Turning a blind eye to visibility

Times Staff Writer

At last check, a car without windows has not yet appeared, but carmakers are trending toward smaller windows that seem to restrict visibility. Models with low rooflines, high sills, sharply sloping windshields, large door pillars and heavy tints are widely offered and -- based on hot models such as the Chrysler 300, Nissan’s Z and even the Prius -- consumers like the look.

But auto safety experts and many consumers say the design trend, along with other features that restrict forward and rearward visibility, are compromising safety.

“We are very concerned about the visibility issue, both sideward visibility and the vertical height of windows, as well as the sweep of the windshield,” said Judie Stone, president of Advocates for Highway and Auto Safety. “There need to be federal standards.”

The problems Stone lists are well-known to many drivers, particularly those who fall far outside the median heights for men and women.


Miriam Schulman, who stands 5 feet even, says some car designs restrict her visibility, including her husband’s prized Saab that she recently dented because its high rear shelf blocked her view when backing up.

“There are models of cars that I would never buy because I can hardly see over the steering wheel,” said Schulman, who has written about ethical issues involving the medical treatment of short people in her job at the Markkula Center for Applied Ethics at Santa Clara University.

Design experts say the trend toward more complete enclosure of passengers enhances a sense of safety and security, which are issues on the minds of many Americans.

It could be the war in Iraq, lingering fears from the terrorist attacks or freeway shootings, but many motorists feel exposed to more than normal risks on the highway.

“People feel more protected in a vehicle with smaller windows,” said Stewart Reed, chairman of transportation design at the Art Center College of Design in Pasadena. “That is one trend for SUVs. People feel more secure in them.”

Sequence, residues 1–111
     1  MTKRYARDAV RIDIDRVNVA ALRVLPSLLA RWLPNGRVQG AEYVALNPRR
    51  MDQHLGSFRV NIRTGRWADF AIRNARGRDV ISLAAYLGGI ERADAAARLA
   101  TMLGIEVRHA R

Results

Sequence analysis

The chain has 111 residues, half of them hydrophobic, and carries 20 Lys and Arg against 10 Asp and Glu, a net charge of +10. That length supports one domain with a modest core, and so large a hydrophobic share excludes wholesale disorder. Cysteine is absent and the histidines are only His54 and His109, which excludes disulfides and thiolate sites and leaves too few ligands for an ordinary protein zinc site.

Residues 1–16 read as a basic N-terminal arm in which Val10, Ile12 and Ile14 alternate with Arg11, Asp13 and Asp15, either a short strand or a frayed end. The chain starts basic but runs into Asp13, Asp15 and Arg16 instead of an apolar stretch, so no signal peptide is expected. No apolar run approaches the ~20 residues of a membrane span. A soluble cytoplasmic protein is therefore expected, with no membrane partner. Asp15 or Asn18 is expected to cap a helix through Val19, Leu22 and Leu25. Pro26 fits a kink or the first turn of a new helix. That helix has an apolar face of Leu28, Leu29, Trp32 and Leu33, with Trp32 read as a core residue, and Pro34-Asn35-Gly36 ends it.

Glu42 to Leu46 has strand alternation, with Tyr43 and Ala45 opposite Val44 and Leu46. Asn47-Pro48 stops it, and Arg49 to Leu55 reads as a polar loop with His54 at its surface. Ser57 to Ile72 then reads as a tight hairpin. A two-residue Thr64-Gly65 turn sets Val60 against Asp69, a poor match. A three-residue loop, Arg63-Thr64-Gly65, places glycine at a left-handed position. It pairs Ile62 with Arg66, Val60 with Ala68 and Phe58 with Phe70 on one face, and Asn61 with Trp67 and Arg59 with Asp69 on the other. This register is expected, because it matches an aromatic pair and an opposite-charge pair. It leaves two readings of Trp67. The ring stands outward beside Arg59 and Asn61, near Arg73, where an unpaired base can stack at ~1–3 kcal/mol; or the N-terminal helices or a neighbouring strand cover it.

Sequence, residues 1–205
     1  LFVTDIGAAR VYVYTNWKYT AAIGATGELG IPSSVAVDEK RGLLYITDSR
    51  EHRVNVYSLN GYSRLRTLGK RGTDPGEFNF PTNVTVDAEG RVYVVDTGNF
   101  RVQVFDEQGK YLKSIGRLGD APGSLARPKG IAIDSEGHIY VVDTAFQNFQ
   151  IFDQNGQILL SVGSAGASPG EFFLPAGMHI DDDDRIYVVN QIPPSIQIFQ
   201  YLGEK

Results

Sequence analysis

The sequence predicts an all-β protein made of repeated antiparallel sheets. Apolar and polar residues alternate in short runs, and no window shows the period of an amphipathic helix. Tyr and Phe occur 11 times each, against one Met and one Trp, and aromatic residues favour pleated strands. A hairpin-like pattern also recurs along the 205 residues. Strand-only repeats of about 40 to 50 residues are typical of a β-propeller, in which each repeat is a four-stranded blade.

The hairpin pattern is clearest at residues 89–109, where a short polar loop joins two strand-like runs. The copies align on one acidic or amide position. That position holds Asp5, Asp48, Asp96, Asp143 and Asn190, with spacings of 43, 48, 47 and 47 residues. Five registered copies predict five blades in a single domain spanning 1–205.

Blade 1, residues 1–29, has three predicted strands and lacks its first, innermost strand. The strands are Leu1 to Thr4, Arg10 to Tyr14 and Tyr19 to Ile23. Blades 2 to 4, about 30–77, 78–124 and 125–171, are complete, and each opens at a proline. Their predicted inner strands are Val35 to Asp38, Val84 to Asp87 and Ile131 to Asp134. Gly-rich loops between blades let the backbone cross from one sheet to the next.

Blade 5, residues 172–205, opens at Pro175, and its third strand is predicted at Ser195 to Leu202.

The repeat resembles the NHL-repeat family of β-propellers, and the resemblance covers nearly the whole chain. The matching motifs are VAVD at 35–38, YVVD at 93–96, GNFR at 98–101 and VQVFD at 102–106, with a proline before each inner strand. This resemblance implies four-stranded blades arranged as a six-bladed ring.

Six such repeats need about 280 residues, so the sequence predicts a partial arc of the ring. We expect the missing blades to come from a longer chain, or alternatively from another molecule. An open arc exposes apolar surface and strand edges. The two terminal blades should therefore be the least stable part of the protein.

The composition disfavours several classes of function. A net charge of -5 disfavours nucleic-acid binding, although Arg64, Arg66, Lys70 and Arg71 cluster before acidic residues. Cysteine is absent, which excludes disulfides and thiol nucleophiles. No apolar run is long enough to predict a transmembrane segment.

By contrast, 1980s-era designs opened up the passenger compartment, putting drivers in a glass bubble. The era’s minivans surrounded occupants with glass.

“In the 1980s, the belt lines were getting lower and the cabin higher, lighter and airy looking,” Reed said. “Clearly, it was better visibility then.”

Models such as the Nissan Murano, Dodge Magnum and Hummer H2 and H3, among many others, have adopted the small-window look.

But if visibility plays a role in a vehicle’s safety record, it is difficult to extract from crash statistics. Take, for example, the sleek-backed Murano. It has below-average collision and injury rates, according to data compiled by the Insurance Institute for Highway Safety.

Why one vehicle crashes more than another involves a complex suite of factors, including the kinds of drivers who own the vehicles, the stability of a vehicle and visibility, among many other elements. Trying to pull one single factor, particularly a human one, out of the mix is difficult, if not impossible, says Russ Rader, a spokesman at the Insurance Institute.

The National Highway Traffic Safety Administration has never examined the role vehicle visibility plays in fatal or injury accidents, according to agency spokesman Rae Tyson.

Indeed, the federal government has no regulations that apply to window size, according to Richard Van Iderstine, the federal government’s longtime visibility guru who retired from the NHTSA last year.